Were the twelve apostles baptised with anything other than John's baptism?
An excellent question. I do not believe there is any evidence from Scripture that they were.
However, there were at least a couple of differences between the Twelve and the disciples in Acts 19. The latter had never heard of the Holy Spirit; furthermore, they seem to be largely unfamiliar with Jesus and His ministry subsequent to John's preaching. Do these play some role into the somewhat unique situation of the Ephesian disciples?
yes Acts 1:5
5 for John truly baptized with water, but you shall be baptized with the Holy Spirit not many days from now.
Does someone have to understand everything about salvation and Christianity for a Baptism to be valid? .....Not according to the CoF.
In that case they would have to be baptized by a minister adhering to the C of F
Obviously a child baptized into the covenant doesn't know too much.
We are also talking about an adult baptism in this case. And the WCF has in view a Christian baptism.
Calvin believed that John's Baptism was Christian.
I understand what you are saying, and I am aware of what Calvin said (it was also mentioned in a post above). But I think you are mixing apples and oranges too. The Ephesian disciples received an adult (non-Trinitarian) baptism of repentance from John and do not appear to be aware that the One of whom John spoke had even come.
The question was asked as to the baptism received by the Twelve. I was simply pointing out that their historical circumstances were different from that of the Ephesian disciples.
Tim, how do you know that it was non-Trinitarian?
They did not seem to know that Jesus was the Christ and they certainly did not know about the Holy Spirit (according to 19:2). It seems unlikely that it would have been Trinitarian.
Paul asks them into what were they baptized, and they respond by saying, "Into John's baptism." There is no baptism into the name of the Father and the Son and the Holy Spirit; there is no baptism into Christ (until v. 5 -- it is only then that they are baptized into the name of the Lord Jesus).
I have asked this question a few times on the board.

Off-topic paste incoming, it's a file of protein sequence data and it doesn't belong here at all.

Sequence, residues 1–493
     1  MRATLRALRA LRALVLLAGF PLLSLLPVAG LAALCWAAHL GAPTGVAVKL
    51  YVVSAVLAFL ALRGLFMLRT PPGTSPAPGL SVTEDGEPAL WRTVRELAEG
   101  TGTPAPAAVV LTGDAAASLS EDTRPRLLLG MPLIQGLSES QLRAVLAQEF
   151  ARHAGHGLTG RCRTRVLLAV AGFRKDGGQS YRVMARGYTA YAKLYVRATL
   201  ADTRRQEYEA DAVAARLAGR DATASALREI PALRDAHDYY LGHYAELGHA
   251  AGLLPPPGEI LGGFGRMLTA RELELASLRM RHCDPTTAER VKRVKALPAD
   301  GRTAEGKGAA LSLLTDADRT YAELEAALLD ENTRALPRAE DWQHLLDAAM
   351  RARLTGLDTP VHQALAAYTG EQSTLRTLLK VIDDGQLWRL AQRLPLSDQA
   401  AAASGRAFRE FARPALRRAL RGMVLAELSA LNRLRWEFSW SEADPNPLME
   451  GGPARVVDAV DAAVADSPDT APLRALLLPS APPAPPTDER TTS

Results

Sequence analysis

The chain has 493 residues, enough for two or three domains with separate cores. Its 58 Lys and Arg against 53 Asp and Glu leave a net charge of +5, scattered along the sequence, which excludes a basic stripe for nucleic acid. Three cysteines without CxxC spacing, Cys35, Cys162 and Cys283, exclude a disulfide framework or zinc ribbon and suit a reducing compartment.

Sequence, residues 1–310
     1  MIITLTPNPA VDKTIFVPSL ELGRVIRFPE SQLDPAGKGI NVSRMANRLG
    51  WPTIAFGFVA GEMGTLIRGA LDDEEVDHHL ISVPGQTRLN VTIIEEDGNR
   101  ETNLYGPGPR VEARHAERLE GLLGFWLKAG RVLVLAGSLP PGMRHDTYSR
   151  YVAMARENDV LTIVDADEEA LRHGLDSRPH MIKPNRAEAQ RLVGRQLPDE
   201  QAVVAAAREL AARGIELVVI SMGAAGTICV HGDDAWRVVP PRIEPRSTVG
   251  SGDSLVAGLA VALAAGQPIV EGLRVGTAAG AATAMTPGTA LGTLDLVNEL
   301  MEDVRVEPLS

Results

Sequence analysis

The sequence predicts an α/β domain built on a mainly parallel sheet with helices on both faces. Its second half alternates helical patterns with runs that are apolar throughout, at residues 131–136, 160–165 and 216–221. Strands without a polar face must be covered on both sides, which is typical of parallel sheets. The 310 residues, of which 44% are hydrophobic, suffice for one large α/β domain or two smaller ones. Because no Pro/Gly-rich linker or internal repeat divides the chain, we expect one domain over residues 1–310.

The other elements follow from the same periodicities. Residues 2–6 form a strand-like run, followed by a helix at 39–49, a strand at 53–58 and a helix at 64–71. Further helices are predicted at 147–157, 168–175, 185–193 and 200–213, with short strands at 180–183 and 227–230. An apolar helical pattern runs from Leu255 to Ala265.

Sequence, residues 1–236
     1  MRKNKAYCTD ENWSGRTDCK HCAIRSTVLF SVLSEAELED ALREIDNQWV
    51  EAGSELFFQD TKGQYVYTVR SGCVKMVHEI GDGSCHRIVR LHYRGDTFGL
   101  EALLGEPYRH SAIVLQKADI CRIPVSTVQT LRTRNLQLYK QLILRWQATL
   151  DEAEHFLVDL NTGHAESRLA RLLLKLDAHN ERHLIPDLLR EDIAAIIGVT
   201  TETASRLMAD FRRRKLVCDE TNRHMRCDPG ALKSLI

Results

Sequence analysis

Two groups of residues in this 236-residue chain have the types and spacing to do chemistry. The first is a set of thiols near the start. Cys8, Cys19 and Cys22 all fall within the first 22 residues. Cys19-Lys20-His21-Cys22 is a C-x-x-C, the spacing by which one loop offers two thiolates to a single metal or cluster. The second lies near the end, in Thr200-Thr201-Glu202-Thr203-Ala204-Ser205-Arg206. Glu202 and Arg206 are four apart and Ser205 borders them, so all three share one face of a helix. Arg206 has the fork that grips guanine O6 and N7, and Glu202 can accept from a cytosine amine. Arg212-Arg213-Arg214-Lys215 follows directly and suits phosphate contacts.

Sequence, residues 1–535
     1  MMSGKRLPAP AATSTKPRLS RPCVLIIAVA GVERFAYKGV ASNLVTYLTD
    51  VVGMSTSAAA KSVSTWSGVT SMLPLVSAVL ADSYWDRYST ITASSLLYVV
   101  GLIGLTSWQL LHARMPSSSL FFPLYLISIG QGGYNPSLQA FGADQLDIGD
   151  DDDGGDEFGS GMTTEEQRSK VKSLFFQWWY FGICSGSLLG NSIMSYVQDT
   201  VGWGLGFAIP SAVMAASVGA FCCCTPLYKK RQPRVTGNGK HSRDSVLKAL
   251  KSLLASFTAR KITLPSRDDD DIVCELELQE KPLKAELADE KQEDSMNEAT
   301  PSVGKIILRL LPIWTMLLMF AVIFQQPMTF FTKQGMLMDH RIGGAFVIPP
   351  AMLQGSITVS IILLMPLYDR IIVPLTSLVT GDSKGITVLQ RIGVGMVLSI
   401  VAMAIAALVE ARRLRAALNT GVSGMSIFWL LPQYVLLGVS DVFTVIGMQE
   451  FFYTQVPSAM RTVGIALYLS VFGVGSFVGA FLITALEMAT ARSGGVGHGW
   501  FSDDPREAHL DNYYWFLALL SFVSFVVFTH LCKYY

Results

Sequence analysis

sorry, but that thread continued and I had to retract. See below for links to a revised, more tentative commitment. C-M.
This is not possible grammatically. Sorry.
I had to back off my premise in the thread Martin quoted. So, I'm editing Martin's post to remove that reference to my earlier comments. Here are my revised thoughts, from later in that same thread:
Thank you for disagreeing with Calvin. Whether I follow your logic or his, I very much appreciate that you'll side with your studied understanding of the Word and not simply accept Calvin as inviolate gospel.
-----Added 4/2/2009 at 12:23:20 EST-----
How do you figure that they wouldn't have been Trinitarian? Were not the Father, Son and Holy Spirit found in the OT as well as the New? Just because they didn't know of Christ's coming in living history doesn't mean they didn't expect it at some point based on the scriptures they had at hand.
The PB ate half of my old post! I edited (added to) what I had originally written, and then when I came back, I found most of it was gone!
No matter. Let me say what I meant succinctly. Acts 19:2 says that the Ephesians had not even heard there was a Holy Spirit. And Acts 19:5 says that they were then baptized into the name of Jesus. If they were ignorant of the Holy Spirit and of Jesus, I still fail to see how this could be Trinitarian.
I ran across these words this morning from Richard Longenecker in his commentary on Acts and thought they were interesting: